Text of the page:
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He tells us, Arthur is deceas'd to-night.

Sal. Indeed, we fear’d, his sickness was past cure.

Pemb. Indeed, we heard how near his death he was, Before the child himself felt he was sick. This must be answer'd, either here, or hence.

K. John. Why do you bend such solemn brows on

me ?

Think you, I bear the shears of destiny ?
Have I commandment on the pulse of life?

Sal. It is apparent foul-play, and 'tis shame
That greatness should so grolly offer it:
So thrive it in your game, and so farewel !

Pemb. Stay yet, Lord Salisbury, I'll go with thee.
And find th’inheritance of this poor child,
His little kingdom of a forced grave.
That blood, which own'd the breadth of all this ise,
Three foot of it doth hold; bad world the while !
This must not be thus borne ; this will break out
To all our sorrows, and ere long, 1 doubt. (Exeunt.

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K. John. They burn in indignation ; I repent.
There is no sure foundation set on blood
No certain life atchiev'd by others' death-

Enter a Messenger.
A fearful eye thou hast; where is that blood,
That I have seen inhabit in those cheeks?
So foul a sky clears not without a storm ;
Pour down thy weather. How goes all in France ?

Mes. From France to England. 9 Never such a power, For any foreign preparation, Was levy'd in the body of a land.

9 From France to England.-) word goes, and answers, that The kings aks how all goes in whatever is in France goes now France, the messenger catches the into England.


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your speed is learn’d by them : For when you should be told, they do prepare, The tidings come, that they are all arriv'd.

K. John. O, where hath our intelligence been drunk? Where hath it Nept? where is my mother's care? That such an army should be drawn in France, And she not hear of it?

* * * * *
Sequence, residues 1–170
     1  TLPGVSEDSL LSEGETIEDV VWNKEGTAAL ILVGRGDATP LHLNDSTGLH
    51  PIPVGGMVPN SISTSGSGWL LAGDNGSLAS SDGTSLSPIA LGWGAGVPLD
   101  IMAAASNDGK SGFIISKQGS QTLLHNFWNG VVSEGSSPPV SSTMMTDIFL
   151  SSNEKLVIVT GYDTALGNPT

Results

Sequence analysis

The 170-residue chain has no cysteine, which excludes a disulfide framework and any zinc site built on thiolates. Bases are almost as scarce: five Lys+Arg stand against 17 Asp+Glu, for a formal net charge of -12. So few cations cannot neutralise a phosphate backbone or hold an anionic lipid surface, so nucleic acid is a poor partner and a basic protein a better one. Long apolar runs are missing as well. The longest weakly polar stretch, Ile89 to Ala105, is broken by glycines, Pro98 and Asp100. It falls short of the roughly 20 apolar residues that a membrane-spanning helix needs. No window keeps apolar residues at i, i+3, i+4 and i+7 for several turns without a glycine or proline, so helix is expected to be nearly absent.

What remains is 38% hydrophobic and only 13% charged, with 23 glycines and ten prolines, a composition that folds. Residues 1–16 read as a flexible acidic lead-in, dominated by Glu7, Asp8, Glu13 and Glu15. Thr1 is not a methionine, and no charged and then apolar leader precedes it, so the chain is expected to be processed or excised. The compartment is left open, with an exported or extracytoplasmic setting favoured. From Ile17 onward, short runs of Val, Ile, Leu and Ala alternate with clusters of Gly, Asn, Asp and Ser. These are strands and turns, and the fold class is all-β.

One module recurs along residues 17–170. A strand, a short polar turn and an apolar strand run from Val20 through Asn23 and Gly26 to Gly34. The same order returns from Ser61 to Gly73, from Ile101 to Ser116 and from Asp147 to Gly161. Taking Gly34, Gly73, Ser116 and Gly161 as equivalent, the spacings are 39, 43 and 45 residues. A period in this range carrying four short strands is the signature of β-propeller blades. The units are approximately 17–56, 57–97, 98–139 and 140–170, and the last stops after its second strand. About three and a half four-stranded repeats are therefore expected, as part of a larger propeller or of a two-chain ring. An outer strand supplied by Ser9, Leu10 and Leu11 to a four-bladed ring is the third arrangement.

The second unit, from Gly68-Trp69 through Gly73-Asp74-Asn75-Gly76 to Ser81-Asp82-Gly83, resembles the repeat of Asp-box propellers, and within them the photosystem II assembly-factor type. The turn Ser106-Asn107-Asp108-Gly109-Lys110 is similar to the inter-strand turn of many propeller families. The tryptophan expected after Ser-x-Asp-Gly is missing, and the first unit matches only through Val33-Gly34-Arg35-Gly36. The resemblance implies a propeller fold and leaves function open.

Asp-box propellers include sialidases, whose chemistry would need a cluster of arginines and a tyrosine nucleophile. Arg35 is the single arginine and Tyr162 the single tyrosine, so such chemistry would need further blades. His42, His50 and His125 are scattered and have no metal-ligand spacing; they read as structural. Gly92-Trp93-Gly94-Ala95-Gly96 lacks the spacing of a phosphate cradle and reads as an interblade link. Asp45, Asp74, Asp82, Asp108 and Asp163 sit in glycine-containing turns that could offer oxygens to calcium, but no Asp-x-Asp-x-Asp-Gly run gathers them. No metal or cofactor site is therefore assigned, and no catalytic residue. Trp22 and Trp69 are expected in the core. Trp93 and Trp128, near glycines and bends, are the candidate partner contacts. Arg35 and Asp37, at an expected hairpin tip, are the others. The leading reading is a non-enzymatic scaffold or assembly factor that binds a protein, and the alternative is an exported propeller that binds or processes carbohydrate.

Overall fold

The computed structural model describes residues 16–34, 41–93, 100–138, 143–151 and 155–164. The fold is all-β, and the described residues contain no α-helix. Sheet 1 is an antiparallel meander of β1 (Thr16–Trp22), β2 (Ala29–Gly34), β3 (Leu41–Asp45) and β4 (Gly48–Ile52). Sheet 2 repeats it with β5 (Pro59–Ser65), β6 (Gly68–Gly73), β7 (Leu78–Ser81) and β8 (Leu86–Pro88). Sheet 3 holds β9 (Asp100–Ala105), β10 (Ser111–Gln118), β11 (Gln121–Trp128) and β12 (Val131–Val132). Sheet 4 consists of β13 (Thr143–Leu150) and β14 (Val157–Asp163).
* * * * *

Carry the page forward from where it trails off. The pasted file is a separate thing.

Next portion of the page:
Mes. My Liege, her ear Is stopt with dust: the first of April, dy'd Your noble mother; and, as I hear, my Lord, The Lady Constance in a frenzy dy'd Three days before : but this from rumour's tongue I idly heard ; if true or false, I know not.

K. John. With-hold thy speed, dreadful occasion ! O make a league with me, till I have pleas'd My discontented peers.-What! mother dead? How wildly then walks my estate in France ? Under whose conduct came those powers of France, That, thou for truth giv'ft out, are landed here?

Mes. Under the Dauphin.

K. John. Thou hast made me giddy
With these ill tidings.

Enter Faulconbridge, and Peter of Pomfret.
Now, what says the world
To your proceedings ? Do not seek to stuff
My head with more ill news, for it is full.

Faulc. But if you be afraid to hear the worst,
Then let the worit unheard fall on your head.

K. John. Bear with me, Cousin; for I was amaz'd
Under the tide; but now I breathe again
Aloft the flood, and can give audience
To any tongue, speak it of what it will.

Faulc. How I have sped among the clergymen,
The sums I have collected shall express.
But as I travell'd hither thro' the land,
I find the people strangely fantasy'd;


Poffest with rumours, full of idle dreams ;
Not knowing what they fear, but full of fear,
And here's a Prophet that I brought with me
From forth the streets of Pomfret, whom I found
With many hundreds treading on his heels :
To whom he sung in rude harsh-sounding rhimes,
That, ere the next Afcenfion-day at noon,
Your Highness should deliver up your crown.

K.John. Thou idle dreamer, wherefore did'st thou so?
Peter. Fore-knowing, that the truth will fall out fo.

K. John. Hubert, away with him, imprison him, And on that day at noon, whereon he says I shall yield up my crown, let him be hang'd. Deliver him to safety,' and return, For I must use thee.

[Exit Hubert, with Peter.
O my gentle cousin,